Students on the Urdu Pathway will spend their third year at the American Institute of Indian Studies (AIIS) in Lucknow, India.  More information on the Institute can be found at The American Institute of Indian Studies website. Students must pass their second year overall and their core language module to progress to the Year Abroad. Modules run from September to April with students receiving approximately 18-20 hours of instruction per week, including one-to-one personal tutorials. Towards the end of the programme, students are required to complete an Independent Study Project of approximately 3,000-3,500 words in Urdu on a subject of their choice. This must be successfully completed to continue to Year 4.

Information on living costs can be found on the AIIS website by clicking on the 'Estimated Expenditure' tab.

Teaching & Learning

Most of the language teaching is done in small classes and is thoroughly interactive, with students being encouraged to use their growing knowledge of Urdu from the very outset. Advanced modules are largely taught in Urdu medium. Language modules are assessed by a combination of written and oral examination. The Department's core module South Asian Culture is taken in the first year, and gives a solid introduction to the broader culture of the region.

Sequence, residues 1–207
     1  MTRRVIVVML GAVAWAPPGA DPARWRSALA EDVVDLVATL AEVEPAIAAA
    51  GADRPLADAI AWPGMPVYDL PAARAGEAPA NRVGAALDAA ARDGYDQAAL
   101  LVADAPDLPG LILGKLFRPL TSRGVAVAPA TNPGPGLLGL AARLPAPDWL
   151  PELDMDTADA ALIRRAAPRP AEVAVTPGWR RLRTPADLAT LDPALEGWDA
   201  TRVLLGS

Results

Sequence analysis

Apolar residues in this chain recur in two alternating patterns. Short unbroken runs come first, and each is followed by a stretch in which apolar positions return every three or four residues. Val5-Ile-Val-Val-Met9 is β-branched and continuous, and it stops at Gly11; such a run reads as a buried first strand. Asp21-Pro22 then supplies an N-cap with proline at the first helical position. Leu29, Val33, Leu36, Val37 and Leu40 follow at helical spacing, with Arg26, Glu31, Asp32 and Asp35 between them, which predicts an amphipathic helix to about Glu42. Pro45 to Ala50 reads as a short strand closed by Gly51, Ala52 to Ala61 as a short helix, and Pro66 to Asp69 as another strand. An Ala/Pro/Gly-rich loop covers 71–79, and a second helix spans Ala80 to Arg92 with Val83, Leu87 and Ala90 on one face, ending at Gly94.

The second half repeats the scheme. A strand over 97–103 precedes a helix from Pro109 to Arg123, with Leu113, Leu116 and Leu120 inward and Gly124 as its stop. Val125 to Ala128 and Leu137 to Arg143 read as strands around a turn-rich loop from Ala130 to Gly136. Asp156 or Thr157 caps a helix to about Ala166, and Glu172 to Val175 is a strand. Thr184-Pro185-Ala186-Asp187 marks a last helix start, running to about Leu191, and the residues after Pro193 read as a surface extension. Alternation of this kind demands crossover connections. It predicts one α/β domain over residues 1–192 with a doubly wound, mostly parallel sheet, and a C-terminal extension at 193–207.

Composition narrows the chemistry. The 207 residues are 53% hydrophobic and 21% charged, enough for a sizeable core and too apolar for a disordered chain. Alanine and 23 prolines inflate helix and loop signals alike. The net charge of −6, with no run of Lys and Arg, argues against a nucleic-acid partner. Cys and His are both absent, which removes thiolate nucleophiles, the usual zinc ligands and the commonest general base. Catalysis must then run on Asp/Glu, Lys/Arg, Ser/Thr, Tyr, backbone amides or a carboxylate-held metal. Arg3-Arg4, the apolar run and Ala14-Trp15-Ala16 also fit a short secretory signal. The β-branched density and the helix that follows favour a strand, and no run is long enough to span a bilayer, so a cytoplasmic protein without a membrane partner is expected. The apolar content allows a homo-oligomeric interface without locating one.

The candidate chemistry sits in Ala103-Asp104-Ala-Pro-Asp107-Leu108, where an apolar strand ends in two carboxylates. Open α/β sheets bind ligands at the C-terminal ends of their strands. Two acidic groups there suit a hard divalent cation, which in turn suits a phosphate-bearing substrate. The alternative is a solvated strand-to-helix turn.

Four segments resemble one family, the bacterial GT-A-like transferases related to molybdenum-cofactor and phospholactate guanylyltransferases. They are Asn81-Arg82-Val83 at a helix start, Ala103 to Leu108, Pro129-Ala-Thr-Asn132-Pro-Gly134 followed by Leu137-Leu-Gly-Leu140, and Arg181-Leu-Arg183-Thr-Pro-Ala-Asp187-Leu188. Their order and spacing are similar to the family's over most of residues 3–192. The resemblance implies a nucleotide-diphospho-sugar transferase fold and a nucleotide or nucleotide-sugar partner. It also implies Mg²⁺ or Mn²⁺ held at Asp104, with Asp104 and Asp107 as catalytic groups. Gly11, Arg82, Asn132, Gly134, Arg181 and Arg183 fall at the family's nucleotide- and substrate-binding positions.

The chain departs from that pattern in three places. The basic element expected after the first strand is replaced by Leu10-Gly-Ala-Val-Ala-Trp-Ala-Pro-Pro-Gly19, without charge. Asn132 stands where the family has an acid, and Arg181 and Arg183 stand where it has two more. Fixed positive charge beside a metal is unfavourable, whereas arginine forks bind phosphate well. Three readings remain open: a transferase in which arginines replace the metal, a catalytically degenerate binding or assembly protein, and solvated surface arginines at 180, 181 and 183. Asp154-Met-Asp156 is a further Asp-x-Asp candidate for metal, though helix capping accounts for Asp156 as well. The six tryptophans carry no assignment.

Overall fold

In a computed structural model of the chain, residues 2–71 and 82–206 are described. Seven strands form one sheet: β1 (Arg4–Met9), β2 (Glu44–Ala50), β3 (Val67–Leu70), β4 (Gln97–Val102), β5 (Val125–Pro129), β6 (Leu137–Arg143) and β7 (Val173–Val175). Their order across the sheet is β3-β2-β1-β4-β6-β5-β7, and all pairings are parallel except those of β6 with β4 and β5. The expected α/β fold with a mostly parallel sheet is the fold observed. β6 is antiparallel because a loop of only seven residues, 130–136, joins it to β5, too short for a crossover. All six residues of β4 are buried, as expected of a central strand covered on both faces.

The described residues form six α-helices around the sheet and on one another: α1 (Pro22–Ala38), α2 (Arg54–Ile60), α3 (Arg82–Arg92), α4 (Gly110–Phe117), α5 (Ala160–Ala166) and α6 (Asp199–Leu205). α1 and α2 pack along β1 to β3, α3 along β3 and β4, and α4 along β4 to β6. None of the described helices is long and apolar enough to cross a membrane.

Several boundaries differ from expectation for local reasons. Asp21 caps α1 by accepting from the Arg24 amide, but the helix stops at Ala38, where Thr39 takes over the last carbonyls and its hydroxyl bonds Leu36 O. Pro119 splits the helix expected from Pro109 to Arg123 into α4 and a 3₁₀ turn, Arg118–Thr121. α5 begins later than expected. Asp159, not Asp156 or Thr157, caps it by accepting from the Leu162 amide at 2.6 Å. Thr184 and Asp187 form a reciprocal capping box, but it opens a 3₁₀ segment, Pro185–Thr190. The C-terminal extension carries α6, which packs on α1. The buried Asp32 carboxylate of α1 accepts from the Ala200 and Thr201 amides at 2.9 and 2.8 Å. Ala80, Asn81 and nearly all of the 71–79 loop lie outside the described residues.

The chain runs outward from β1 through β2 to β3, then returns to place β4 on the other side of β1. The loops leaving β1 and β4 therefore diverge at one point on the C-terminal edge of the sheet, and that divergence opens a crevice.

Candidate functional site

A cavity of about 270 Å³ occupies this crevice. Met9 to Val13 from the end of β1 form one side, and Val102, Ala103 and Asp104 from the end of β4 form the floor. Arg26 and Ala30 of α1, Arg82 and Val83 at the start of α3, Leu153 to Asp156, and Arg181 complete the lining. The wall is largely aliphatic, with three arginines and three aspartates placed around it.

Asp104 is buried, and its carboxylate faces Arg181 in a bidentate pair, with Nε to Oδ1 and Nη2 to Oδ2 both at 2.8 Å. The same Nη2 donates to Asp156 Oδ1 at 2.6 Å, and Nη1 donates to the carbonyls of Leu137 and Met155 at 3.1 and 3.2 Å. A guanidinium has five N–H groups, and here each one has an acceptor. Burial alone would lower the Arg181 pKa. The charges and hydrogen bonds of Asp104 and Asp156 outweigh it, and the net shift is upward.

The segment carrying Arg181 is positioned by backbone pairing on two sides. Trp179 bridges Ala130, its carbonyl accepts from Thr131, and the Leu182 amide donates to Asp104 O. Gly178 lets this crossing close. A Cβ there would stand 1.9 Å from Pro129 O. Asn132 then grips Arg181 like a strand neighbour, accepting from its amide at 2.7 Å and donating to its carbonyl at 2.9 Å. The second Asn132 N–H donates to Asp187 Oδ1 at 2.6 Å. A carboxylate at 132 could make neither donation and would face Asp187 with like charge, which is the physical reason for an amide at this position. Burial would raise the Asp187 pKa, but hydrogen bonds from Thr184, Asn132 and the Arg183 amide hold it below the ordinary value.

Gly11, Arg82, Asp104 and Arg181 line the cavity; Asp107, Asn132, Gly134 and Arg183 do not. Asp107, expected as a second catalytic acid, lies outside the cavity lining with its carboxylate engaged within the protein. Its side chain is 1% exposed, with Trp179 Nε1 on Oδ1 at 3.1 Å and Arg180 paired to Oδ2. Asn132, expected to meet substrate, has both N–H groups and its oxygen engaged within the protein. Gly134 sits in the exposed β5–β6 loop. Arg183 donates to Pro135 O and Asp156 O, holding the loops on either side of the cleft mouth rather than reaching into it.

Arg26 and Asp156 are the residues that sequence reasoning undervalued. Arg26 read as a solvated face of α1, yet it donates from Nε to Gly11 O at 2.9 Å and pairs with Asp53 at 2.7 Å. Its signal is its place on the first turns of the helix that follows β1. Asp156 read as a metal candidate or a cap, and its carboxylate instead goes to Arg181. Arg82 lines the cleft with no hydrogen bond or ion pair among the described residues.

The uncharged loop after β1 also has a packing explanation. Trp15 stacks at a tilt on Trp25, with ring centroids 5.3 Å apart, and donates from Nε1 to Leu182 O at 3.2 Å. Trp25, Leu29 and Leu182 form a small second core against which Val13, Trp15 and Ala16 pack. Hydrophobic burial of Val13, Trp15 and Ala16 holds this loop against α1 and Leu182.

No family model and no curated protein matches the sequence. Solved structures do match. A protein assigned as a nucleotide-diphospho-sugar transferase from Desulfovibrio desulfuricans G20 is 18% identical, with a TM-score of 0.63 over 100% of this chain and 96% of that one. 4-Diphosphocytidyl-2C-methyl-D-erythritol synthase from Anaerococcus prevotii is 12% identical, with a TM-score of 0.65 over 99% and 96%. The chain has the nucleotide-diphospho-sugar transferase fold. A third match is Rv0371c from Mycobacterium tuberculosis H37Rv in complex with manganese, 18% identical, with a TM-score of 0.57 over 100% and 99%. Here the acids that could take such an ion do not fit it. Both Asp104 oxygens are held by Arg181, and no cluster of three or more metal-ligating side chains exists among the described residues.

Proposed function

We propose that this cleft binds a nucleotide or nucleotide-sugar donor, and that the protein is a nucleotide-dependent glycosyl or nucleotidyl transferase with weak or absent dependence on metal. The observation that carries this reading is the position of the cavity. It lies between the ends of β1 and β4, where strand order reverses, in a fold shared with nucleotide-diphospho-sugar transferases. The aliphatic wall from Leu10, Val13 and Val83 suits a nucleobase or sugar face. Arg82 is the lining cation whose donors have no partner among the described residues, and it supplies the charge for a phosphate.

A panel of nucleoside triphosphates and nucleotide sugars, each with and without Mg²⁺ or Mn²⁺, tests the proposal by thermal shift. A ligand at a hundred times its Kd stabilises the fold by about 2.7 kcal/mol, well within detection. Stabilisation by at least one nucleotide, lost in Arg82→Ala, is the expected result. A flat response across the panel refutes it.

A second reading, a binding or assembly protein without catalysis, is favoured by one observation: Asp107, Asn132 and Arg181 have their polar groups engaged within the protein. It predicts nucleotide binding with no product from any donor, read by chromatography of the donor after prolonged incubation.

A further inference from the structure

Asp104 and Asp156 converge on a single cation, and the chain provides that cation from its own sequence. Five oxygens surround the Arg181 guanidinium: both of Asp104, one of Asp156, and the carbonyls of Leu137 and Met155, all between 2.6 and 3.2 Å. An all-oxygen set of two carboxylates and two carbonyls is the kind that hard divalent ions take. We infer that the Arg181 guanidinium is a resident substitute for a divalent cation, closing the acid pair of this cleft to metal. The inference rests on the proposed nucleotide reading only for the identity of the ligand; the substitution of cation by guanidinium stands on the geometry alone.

The Urdu pathway is part of a four year degree, the third year (from September to March) being spent on a Year Abroad programme in India: students live with families or with other students and attend full-time Urdu-medium modules.

The degree offers a progression of modules in the language itself, concentrating on communication skills and using a wide range of source materials including news broadcasts, recordings, video, the internet, and much else besides.